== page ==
“Investigators and patients want to be part of a study that's a winner, that shows a positive effect,” said Dr. Montori who wrote articles on the topic that appeared in both JAMA and Annals. “Plus, researchers and sponsors who will profit from the published findings … are a strong force saying, ‘Don't mess it up. Report now.’”
Dr. Goodman added, “This is about the general appetite for novelty and good science. This is something the journals struggle with.”
Critics say stopping a trial early without enough data unfairly puts the onus on physicians to understand all the subtleties of the issue, and then explain them to their patients (see sidebar “Talking to patients about clinical trials”).
“We haven't done a good job with keeping the practitioner in mind when putting out this information,” said Dr. Harrington at Duke.
Physicians need to understand stopping rules, which prompt investigators to stop a trial because an intervention has unrecognized potential harms or benefits larger than expected, making it unethical to continue one way or another.
Next, how many events are enough? Dr. Montori said a best guess is somewhere between 200 and 400, with earlier termination acceptable when the harms are already known or when harms and costs are known to be negligible.
Dr. Montori remembers one study of perioperative beta blockers (N Engl J Med. 1999 Dec 9;341(24):1789-94) that stopped early when an interim analysis showed a 100% reduction in risk of heart attacks with only nine events in the trial and 80% reduction in deaths with only 11 events in the trial with 20 primary endpoint events total. Perioperative beta-blockers became a recommended intervention in guidelines and a quality improvement target for hospitals.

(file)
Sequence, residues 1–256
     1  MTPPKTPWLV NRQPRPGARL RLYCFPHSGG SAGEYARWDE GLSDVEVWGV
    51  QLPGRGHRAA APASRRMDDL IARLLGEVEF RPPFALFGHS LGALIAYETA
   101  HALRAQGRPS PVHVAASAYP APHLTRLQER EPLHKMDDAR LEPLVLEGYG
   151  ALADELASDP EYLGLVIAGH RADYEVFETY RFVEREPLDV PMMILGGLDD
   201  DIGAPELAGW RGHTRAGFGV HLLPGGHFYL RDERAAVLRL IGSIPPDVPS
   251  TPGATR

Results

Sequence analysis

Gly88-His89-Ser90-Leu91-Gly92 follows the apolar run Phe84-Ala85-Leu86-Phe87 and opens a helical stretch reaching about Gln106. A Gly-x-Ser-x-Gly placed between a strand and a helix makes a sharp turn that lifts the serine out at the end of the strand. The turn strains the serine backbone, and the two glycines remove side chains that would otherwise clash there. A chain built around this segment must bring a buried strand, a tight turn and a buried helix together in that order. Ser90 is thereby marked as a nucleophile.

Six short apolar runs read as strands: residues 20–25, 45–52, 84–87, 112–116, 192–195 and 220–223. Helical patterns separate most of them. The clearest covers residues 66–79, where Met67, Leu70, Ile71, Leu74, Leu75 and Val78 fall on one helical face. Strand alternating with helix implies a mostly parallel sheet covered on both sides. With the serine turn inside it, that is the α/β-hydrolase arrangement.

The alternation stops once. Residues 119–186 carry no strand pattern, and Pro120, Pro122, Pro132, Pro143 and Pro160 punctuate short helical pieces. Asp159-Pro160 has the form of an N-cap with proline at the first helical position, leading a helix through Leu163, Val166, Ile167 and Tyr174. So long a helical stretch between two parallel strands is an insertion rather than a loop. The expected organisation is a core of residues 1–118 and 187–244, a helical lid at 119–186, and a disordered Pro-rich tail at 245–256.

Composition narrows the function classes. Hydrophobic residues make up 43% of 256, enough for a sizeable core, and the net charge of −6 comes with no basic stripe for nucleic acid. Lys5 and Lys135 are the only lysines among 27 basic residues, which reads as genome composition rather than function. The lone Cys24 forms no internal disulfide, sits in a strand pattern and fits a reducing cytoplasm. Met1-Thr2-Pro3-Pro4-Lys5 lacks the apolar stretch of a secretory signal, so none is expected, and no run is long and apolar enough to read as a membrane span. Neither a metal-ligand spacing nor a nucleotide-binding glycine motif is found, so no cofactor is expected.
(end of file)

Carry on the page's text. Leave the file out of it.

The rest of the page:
A later study of more than 8,000 patients taken to completion confirmed that beta-blockers could reduce the risk of heart attacks by 30%, but also doubled the risk of disabling strokes and increased the risk of death by about 30%.
Very few studies absolutely settle a question and physicians always see incomplete information in the medical literature, Dr. Goodman said. He recommended that doctors look at studies combined, not just one study, to make better informed decisions for their patients. He advised particularly noting the limitations sections of articles.
Also look at the methods section and the last paragraph labeled “statistical analysis,” what many doctors consider “a big yawn,” advised Brian Haynes, MACP, PhD, editor, ACP Journal Club PLUS, professor of clinical epidemiology and medicine at McMaster. “Look at what they were looking for and what they found and if there's an incredible difference, don't believe it.”
Dr. Guyatt recommended being skeptical when looking at any drug's first trial. “Find evidence-based sources that pay less attention to what's hot off the press. Do not jump quickly at what is new, especially if it's expensive and disseminated with great enthusiasm,” he said.
Steps should be taken to lessen the impact of trials stopped early. Editorial writers can point out study limitations to readers, Dr. Montori said. Already, some data monitoring committees are setting up policies to avoid introducing bias while satisfying requirements of institutional review boards or funding agencies for having stopping rules in place.
For now, busy practitioners need to critically examine the evidence and, in the case of early stopping, be extra critical, Dr. Haynes advised. “I see this as the dark side of progress.”